Saturday, August 27, 2016

Slip of the tongue - Is it normal?

Dear Dr. Phil,
I am in tenth grade and an OK student. 
I find that I constantly make stupid mistakes when I speak. My mom says that I don’t do it that much and that everyone misspeaks. I use the wrong word, but it sounds like the right word to me. I am noticing it a lot and don’t want kids at school laughing at me.
Keith, Reno Nevada
Everyone makes word replacement mistakes
Keith, my heart goes out to you. It is hard being in high school. But, rest assured, tripping over your own tongue is simply a part of life. There are two major ways we do it, both normal and often funny. So, before I explain, please let me give you some advice. Allow yourself to laugh at yourself when you trip over your own tongue.
If you flub up on purpose, it is called a joke or a pun. I love puns. I love the way it makes my kids moan with embarrassment when I pun. Also, a good portion of my cartoons are puns. That little play on words that tickles the funny bone. So, when you trip up, go with it.
There are 2 common verbal mistakes that often cause snickering: malaprop and mondegreen.
A malaprop is a mistake we make when we accidentally replace a word or phase with one that sounds similar. Sometimes this turns out to be hilarious. 
Once, when I was a kid watching Archie Bunker in the TV show, "All in the Family", I almost wet my pants. Archie was upset about “Orthodox Jews” but he accidentally called them “Off-the-dock Jews.” This infuriated my mother, which made me laugh even harder. 
My mother disliked puns, seeing them as a form of low class humor. She, and people of her time, called malapropisms, dogberry’s, after the character in William Shakespeare’s play, "Much Ado About Nothing." A line I like from the play is when Constable Dogberry tells Governor Leonato, "Our watch, sir, have indeed comprehended two auspicious persons", when he meant to say, “apprehended two suspicious persons.” (Act 3, Scene V)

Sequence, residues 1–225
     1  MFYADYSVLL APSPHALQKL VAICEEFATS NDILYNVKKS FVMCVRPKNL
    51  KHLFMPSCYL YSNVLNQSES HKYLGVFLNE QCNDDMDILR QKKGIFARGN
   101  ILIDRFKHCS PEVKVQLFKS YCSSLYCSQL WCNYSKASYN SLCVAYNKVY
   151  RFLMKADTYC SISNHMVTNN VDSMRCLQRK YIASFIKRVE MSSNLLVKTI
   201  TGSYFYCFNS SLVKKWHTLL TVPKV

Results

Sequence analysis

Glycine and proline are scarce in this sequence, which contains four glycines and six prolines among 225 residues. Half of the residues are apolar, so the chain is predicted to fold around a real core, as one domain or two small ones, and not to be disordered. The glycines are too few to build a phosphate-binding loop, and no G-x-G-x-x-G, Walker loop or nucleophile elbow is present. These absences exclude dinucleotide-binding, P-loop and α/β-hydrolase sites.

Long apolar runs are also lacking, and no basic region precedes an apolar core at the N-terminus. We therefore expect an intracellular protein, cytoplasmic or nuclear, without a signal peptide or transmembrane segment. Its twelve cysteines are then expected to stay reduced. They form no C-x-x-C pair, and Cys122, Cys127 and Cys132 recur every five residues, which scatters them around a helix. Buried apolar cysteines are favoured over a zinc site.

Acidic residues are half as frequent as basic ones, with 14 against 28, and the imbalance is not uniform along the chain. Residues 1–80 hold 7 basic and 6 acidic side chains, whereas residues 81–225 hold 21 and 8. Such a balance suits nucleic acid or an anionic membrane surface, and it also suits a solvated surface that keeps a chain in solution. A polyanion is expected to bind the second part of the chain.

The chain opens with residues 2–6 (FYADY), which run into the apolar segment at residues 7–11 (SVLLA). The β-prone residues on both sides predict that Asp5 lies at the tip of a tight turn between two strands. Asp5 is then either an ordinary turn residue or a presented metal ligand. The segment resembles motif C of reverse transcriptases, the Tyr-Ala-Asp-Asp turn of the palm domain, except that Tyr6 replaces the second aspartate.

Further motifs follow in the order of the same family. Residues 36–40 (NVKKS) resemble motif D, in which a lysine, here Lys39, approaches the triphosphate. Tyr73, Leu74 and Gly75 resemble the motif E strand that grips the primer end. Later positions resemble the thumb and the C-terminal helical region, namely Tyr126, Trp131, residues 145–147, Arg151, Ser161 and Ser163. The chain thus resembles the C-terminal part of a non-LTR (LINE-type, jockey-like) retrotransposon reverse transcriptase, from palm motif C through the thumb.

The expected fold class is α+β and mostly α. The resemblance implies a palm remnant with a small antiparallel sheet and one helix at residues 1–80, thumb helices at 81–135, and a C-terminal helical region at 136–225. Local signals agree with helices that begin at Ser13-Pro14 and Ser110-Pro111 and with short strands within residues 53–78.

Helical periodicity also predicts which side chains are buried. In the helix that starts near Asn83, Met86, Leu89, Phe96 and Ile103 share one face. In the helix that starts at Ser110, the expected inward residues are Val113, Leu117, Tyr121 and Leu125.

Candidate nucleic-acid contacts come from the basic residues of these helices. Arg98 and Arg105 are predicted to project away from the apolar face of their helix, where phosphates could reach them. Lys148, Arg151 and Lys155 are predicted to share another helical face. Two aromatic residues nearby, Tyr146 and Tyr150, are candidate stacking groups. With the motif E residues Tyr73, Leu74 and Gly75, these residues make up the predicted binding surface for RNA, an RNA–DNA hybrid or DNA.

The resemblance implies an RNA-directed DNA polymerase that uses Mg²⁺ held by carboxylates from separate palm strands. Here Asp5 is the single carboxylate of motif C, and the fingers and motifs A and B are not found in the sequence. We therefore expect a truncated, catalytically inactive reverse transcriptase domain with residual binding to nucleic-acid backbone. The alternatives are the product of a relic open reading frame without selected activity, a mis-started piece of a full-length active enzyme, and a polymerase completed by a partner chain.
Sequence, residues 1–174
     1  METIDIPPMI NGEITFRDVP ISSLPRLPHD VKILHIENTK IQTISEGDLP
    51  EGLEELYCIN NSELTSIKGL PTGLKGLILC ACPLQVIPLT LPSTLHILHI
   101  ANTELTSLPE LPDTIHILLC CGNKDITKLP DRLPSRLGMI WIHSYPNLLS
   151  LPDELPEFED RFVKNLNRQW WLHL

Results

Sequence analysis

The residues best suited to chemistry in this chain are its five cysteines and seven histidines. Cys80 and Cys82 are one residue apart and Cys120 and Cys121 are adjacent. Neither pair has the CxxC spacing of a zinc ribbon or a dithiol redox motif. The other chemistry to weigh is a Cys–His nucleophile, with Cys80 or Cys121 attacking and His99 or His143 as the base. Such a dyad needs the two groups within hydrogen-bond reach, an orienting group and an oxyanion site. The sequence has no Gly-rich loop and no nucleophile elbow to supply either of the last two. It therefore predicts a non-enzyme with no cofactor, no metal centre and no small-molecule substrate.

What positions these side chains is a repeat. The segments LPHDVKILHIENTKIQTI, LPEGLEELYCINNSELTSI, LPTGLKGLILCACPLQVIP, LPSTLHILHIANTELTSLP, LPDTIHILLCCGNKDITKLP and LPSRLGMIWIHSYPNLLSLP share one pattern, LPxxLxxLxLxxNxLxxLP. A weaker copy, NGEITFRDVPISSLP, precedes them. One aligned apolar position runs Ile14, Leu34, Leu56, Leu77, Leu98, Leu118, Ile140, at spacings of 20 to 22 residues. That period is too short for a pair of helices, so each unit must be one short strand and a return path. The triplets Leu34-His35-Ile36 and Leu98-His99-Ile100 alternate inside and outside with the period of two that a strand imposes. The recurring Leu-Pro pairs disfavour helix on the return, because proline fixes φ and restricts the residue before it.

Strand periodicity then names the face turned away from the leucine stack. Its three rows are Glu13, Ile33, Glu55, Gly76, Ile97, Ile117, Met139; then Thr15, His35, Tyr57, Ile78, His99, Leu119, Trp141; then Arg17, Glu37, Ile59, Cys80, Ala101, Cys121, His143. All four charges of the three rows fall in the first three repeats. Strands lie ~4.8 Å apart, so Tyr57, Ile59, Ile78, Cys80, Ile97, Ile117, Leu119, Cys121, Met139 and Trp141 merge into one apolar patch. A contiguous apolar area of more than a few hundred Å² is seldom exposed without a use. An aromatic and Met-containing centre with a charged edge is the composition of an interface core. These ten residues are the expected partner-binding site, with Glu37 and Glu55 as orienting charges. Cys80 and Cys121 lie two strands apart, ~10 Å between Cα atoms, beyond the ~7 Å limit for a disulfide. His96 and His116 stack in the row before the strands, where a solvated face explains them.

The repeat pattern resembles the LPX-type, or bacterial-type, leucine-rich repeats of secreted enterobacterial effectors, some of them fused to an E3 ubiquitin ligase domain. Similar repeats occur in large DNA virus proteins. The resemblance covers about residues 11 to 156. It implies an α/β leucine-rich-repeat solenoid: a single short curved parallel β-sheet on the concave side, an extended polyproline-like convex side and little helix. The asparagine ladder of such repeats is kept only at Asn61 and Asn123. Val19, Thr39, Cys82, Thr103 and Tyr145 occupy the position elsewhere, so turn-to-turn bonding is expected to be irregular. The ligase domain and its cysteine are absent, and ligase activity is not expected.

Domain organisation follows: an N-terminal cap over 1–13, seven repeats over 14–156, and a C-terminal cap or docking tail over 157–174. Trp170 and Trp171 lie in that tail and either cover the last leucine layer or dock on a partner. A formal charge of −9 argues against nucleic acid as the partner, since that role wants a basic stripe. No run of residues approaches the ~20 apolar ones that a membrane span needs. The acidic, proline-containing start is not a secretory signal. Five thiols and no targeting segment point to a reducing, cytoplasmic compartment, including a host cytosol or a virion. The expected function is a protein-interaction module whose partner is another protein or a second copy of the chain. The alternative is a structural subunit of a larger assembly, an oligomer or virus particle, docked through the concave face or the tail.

Malapropism gets its name from the the fictional Mrs. Malaprop, a character in Richard Sheridan's play, "The Rivals" (1775).
So, we have to laugh at malapropisms, they are part of the human condition. Take some solace in that they are not unique to you.
Mondegreens are words or phrases that we mishear. It can happen in normal conversation, and is very common when listening to songs.
If I am walking through the mall and someone yells, “Bill” it will get my attention. It sounds close to “Phil” so I might actually hear it as “Phil”. 
The word, mondegeen was coined by Sylvia Write in an essay entitled, "The Death of Lady Mondegreen” in Harper’s Magazine (1954).
Write gives an example of this, using Psalm 23:1-6 to illustrate her point:

Surely goodness and mercy shall follow me all the days of my life: and I will dwell in the house of the Lord for ever.

Is often heard as:

Surely Good Mrs. Murphy shall follow me all the days of my life…

One Christmas, when my oldest son was only 6, he was upset with his mother and me when we told him that he was messing up the words to Jingle Bells. He was positive the words were, 

Bells on bobtail ring
Making spirits cry

Bells on bobtail ring
Making spirits bright

This cartoon’s wording came from a similar conversation with my kids about “All of the other reindeer” from Rudolph, The Red Nosed Reindeer, written by Johnny Marks.

We can all easily and often mishear or misspeak. 

Got a favorite mishear or misspeak? Leave it in the comment section. Thanks!

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